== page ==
Mrs Murphy is too perky, their family too happy and perfect. It scares Carley and she doesn’t know how to handle it. She had no idea life could be like it was sometimes portrayed in the movies. Sure the boys fight sometimes and Mr. Murphy doesn’t seem to like her much but all in all its worlds above the life she came from.
Carley is a fantastic character.  She has some OCD-like tendencies she uses to help her cope like looking for patterns in words and numbers she finds (believe=lie (right in the center!), silent=listen, friend=end) that give us a little insight into the way she thinks and processes.  She's angry, hurt and bitter with some snarky and rebellious proclivities but rather than letting that dictate who she becomes she finds ways (with help from those around her) to deal with the emotions and grow from her experiences. She does this most effectively when she begins to realize that she's not the only one with problems.  Stepping outside of herself and helping the people around her transforms both herself and the person she is helping.

Carley's forced to make some tough decisions and despite the practically perfect world the Murphys seem to live in things are not all sunshine and unicorns and the ending, while satisfying and right, is not a neat and tidy typical 'happy ending'. I appreciated the author keeping it realistic and hard and not failing us all with something trite and shallow.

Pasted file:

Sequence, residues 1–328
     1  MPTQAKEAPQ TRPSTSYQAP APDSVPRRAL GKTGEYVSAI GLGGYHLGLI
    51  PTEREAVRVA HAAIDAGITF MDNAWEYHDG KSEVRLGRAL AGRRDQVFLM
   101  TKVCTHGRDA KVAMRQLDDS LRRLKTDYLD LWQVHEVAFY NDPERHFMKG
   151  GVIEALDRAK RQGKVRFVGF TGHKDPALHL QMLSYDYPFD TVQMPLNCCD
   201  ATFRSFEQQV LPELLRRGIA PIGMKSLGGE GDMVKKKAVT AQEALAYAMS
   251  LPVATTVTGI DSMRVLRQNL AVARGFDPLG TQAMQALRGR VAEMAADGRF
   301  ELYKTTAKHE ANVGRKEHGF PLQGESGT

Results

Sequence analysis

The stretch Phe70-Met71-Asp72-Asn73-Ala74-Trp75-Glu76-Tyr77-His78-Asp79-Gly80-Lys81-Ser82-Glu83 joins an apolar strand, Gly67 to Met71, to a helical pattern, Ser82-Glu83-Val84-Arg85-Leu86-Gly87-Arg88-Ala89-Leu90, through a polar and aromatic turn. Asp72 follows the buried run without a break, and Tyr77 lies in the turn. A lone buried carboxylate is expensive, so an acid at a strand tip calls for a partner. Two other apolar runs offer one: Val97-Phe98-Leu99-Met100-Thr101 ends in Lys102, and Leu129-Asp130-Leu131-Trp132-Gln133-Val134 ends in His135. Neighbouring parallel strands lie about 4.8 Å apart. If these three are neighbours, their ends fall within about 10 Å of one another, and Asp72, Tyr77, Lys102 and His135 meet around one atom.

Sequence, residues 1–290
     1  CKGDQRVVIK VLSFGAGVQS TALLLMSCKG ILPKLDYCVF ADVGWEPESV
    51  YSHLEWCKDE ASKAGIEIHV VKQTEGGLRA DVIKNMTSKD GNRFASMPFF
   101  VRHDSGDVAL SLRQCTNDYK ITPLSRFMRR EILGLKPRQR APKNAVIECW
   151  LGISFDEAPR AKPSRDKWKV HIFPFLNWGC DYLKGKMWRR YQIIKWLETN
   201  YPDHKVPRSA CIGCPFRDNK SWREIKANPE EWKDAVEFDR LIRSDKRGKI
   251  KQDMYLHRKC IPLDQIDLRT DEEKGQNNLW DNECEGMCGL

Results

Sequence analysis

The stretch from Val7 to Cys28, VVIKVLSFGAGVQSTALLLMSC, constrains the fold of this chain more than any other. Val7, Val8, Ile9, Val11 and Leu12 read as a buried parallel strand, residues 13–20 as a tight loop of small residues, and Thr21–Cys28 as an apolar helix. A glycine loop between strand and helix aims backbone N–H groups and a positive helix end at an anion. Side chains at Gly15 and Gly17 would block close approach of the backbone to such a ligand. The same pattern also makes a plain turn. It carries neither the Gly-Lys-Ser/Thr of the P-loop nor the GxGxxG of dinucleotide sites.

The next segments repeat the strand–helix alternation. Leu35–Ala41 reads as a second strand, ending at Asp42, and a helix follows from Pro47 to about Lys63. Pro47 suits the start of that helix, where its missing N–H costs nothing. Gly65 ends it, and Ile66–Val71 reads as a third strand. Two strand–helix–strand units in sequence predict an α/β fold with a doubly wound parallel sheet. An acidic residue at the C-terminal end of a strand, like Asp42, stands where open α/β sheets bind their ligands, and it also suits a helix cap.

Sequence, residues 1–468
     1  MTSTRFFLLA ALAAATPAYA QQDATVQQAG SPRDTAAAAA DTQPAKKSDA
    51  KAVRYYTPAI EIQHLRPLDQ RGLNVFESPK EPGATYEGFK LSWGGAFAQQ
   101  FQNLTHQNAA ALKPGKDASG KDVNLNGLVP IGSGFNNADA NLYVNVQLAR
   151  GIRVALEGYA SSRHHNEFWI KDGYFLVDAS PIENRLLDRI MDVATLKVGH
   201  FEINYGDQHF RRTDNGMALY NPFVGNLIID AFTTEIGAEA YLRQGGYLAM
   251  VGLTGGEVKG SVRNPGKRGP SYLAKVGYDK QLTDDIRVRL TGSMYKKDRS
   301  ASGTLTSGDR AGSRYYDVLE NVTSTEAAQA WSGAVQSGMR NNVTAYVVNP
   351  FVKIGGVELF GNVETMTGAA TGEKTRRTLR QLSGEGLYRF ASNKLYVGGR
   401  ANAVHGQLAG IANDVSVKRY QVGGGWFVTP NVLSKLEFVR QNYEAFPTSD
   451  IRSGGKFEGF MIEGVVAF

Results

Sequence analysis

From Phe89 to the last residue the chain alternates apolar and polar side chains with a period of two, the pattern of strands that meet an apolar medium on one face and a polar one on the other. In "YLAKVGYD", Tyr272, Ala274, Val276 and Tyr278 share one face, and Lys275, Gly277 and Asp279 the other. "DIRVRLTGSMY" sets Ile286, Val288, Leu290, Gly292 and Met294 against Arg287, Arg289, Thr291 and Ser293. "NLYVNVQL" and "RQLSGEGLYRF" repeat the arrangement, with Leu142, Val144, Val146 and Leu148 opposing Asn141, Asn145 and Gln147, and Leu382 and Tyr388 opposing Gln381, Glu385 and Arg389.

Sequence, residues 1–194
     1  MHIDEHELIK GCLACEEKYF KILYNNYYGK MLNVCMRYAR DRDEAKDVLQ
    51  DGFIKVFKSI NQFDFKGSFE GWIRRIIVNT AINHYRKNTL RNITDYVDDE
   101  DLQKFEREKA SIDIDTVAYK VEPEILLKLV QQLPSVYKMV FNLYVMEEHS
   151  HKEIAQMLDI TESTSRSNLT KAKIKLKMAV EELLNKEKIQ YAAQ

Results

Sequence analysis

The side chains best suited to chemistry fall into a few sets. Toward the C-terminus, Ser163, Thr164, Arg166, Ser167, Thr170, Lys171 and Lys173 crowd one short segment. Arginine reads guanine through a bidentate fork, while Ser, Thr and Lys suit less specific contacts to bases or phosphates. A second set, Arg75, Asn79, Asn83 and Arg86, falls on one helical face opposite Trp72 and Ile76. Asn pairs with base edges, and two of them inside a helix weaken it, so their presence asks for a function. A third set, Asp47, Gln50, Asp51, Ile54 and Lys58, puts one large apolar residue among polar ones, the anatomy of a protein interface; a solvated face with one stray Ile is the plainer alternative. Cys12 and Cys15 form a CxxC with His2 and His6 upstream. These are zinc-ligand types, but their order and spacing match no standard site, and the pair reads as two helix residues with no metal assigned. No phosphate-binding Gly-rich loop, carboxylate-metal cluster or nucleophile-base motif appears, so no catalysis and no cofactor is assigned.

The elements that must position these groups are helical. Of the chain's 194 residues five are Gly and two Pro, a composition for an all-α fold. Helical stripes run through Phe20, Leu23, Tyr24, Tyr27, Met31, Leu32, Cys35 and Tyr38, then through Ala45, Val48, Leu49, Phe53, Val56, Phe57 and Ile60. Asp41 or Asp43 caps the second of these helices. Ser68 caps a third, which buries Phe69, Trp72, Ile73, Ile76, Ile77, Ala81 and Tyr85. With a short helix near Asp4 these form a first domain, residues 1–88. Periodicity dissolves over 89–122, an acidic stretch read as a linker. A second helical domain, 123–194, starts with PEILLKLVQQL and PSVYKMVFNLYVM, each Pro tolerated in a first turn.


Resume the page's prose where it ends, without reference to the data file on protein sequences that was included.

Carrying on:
Here's a sample of Carley's voice throughout the book:

 She picks up the backpack that Family Services gave me, which has a stuffed giraffe, a toothbrush, and a pair of bright yellow fairy pajamas that remind me that there are worse things than death. The stuffed giraffe is good, though. Anyone who has had her whole life shredded in one night should have a stuffed giraffe. (6)

It’s like when Mrs. Murphy kept trying to get me to try Hawaiian pizza. I thought it sounded gross. But I finally tried it, and I love it. I guess sometimes you don’t know what you want because you don’t know it exists. (154)

“So what are you doing?”

“Do you mind if I ask about what?”
“My new book. It’s called Giving Tree Meets Chainsaw and Becomes Coffee Table.”
“Oh boy.” She takes a deep breath. “So we’re in that kind of mood, huh?”

There’s a great section on The Giving Tree (see above) which I have a bit of a love/hate relationship with and many a shout out to Stephen Sondheim’s Wicked which I love, love, love. There are countless mini-lessons on unconditional love and learning not to judge on appearances that she learns from the people she interacts with but they blend seamlessly into the story and don't feel preachy.

I loved getting into Carley's head.  Her story made me ache for her and so many who are real pieces in 'the system' of foster care and family services.  I found myself praying that there would be enough Murphys out there to find them all. Highly recommended!